What is the G7 Chord?

If you’re learning the piano, you need to know dominant chords and their variants.

The reason that you have to understand these chords is the fact that variants are typically transitions toward different chords. If you want to have any songwriting ability, you’ll need to know how chords change and move toward one another.

An essential tool in this process is the G7 chord. We’ll go over that chord today and explain a little about how you can make it work for you like the greats did [1].

Understanding the G7 chord

The G7, or G7 dominant chord is comprised of four notes. It’s root, the G chord is made up of just three notes. The G chord is made up of G, B, and D. Playing those notes will give you the G major chord, which is something you likely already know.

The G7 is created when you add the 7th, the F chord, to the top or bottom of that chord. The introduction of a dominant chord into a chord progression usually means that the song is moving toward a different chord. One extremely common transition of the G7 is to the C chord.

If you are in the key of C, try playing a G chord for a few bars, a G7 chord for a few bars, then resolve to the C major chord. You’ll find that the notes are drawn to each other. The introduction of a transitional chord like G7 exposes the fact that music has a natural trend and desire to move one way or another.

Different Forms of 7th Chords

As you progress toward a deeper understanding of music theory, you’ll need to know how different chords work into others [2]. You should start by understanding the major scale. If we start in the key of C, you can imagine each whole step in the octave holding the number that corresponds to its letter.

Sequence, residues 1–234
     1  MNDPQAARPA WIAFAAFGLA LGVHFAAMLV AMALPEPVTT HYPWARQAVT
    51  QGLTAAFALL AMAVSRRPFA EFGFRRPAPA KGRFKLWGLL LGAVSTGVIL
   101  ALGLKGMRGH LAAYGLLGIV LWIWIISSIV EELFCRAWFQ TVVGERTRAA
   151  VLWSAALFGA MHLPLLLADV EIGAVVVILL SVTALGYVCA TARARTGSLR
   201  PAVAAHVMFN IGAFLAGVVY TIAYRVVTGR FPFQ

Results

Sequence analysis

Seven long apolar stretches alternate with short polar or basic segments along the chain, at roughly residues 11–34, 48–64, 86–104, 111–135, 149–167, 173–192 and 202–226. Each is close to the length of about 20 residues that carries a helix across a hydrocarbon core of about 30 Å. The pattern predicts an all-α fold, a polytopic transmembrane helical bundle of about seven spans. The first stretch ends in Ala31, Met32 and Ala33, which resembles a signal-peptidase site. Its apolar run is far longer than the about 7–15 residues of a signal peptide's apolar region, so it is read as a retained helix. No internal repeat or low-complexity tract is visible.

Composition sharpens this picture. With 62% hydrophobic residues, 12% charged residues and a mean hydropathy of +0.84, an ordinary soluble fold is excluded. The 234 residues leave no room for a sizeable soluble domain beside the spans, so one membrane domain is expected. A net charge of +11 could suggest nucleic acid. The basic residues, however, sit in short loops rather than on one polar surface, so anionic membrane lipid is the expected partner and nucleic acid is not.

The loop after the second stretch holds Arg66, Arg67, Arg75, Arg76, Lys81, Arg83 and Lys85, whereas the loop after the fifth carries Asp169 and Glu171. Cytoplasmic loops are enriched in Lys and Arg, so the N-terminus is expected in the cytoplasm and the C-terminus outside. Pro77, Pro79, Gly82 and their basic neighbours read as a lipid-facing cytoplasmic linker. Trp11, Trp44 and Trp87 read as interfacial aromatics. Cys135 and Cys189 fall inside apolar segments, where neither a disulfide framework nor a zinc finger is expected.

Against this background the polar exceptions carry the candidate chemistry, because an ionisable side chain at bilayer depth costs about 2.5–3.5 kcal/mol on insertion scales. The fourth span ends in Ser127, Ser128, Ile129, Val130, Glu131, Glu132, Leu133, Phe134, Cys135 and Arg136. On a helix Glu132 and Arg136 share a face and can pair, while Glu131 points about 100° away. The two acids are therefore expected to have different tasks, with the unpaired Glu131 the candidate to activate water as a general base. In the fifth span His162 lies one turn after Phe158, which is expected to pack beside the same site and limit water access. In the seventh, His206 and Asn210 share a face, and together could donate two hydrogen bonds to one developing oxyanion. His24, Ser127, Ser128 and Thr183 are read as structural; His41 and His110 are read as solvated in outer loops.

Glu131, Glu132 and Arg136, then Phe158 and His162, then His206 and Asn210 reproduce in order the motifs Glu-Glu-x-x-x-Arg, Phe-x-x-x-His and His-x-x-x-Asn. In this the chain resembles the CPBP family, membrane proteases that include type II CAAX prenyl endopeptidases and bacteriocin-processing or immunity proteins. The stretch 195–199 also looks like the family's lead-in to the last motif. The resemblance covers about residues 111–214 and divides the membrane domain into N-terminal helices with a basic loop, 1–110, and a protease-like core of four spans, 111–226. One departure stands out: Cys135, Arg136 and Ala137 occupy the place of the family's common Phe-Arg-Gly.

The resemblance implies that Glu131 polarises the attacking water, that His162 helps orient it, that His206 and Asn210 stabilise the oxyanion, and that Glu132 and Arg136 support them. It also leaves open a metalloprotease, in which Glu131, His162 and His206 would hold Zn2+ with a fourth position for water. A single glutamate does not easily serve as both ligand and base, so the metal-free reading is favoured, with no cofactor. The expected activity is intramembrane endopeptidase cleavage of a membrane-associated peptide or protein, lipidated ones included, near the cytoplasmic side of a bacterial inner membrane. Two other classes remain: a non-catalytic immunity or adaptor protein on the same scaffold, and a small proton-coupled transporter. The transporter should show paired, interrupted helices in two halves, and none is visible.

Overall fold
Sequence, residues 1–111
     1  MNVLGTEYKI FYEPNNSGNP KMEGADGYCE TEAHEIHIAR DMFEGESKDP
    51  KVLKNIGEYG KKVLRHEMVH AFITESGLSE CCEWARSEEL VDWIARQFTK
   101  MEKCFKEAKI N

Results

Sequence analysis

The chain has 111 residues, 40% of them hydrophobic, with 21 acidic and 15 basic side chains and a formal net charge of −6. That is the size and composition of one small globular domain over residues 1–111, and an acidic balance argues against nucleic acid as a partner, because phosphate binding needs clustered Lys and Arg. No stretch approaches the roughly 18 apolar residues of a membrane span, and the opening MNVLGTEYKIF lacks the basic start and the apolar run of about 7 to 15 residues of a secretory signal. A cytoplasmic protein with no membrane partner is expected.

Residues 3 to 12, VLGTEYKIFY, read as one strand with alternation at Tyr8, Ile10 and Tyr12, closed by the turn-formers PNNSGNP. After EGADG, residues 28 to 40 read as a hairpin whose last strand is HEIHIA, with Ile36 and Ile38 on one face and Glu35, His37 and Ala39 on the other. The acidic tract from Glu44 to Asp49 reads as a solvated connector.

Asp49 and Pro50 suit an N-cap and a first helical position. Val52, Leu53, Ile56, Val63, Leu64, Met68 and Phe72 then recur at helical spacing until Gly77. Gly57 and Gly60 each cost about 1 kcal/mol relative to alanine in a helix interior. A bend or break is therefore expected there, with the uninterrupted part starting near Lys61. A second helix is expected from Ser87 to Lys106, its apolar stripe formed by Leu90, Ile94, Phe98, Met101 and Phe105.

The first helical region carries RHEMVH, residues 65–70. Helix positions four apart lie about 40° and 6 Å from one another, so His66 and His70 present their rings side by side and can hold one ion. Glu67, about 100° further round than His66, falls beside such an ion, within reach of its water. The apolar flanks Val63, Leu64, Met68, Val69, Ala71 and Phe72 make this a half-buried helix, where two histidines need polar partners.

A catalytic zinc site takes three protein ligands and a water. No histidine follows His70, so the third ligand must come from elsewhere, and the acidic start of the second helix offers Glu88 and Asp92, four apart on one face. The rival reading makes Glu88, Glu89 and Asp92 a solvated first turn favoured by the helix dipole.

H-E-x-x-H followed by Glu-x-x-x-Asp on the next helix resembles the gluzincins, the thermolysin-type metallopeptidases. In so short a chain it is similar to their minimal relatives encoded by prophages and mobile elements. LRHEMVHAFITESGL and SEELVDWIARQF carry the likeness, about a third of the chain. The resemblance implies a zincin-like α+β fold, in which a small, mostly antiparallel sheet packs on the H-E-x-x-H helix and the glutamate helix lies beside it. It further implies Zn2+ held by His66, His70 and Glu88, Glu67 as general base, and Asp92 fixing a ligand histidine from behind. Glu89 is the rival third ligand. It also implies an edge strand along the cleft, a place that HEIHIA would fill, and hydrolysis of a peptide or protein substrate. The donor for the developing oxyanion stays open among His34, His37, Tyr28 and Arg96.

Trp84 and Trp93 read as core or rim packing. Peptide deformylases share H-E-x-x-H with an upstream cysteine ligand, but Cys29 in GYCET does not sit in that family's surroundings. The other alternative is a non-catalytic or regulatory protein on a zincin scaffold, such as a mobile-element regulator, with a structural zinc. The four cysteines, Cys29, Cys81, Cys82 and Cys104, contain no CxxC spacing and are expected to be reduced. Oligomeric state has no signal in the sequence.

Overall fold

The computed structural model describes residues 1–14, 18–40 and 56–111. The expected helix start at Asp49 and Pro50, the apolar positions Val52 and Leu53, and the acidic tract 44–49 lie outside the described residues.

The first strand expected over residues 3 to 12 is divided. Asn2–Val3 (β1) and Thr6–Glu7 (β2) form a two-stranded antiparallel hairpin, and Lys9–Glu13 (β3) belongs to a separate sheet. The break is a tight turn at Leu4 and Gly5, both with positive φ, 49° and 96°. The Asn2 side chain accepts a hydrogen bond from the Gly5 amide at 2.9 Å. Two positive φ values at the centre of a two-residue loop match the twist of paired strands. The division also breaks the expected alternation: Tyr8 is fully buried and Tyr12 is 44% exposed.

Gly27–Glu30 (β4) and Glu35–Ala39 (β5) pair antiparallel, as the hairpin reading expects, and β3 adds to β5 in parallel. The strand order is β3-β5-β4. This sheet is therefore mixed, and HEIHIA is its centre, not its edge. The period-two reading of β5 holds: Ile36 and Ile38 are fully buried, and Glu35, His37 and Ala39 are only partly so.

If C, for example, were the first note in the key, then C would have the number 1 associated with it. 7th chords are relatively easy to create when you keep this in mind. The major C chord would be comprised of the 1, 3, and 5 notes in the scale.

The 7th chord, as we’ve discussed above, is only one note away. The C7 chord would be comprised of the 1, 3, 5, and 7 notes. That’s why it’s called the C7. You can imagine the seventh as being one whole step below the root note of the chord.

In the case of the G7 chord, the 7th that you add is going to be the F note. In the case of C7, the 7th note that you add will be B. When you imagine chords in this numeric way, they become a lot easier to envision and understand. Don’t forget the a7 chord and b7 chord, ok!

Want to Understand Music Theory?

A whole world of improved playing and a greater appreciation of music opens up when you learn a little about music theory. That being said, understanding the G7 chord is a walk in the park when compared to some of the harder stuff.

You have to start somewhere, though, and we’ve got all the information you need if you’re looking to learn.

Stephanie Su
 

Started learning music when she was four years old, Stephanie is a music teacher and a music therapist who is highly proficient in Piano, Violin, Guitar, and Ukulele. She likes to learn, teach, and share her music playing experiences.

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